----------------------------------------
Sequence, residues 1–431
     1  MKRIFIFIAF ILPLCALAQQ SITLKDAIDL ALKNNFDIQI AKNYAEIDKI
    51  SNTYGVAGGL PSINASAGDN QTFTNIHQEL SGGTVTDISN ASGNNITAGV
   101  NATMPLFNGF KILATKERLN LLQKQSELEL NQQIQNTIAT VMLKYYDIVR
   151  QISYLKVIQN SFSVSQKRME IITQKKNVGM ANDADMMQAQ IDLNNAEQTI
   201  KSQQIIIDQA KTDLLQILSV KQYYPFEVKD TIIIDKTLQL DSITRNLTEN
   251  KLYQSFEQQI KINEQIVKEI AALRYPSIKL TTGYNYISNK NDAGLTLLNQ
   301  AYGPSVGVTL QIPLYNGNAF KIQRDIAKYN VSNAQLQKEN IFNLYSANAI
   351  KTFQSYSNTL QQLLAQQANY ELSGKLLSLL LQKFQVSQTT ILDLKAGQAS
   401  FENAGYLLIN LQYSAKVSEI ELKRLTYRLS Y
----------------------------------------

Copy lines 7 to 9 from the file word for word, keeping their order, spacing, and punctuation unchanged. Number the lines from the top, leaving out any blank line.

   251  KLYQSFEQQI KINEQIVKEI AALRYPSIKL TTGYNYISNK NDAGLTLLNQ
   301  AYGPSVGVTL QIPLYNGNAF KIQRDIAKYN VSNAQLQKEN IFNLYSANAI
   351  KTFQSYSNTL QQLLAQQANY ELSGKLLSLL LQKFQVSQTT ILDLKAGQAS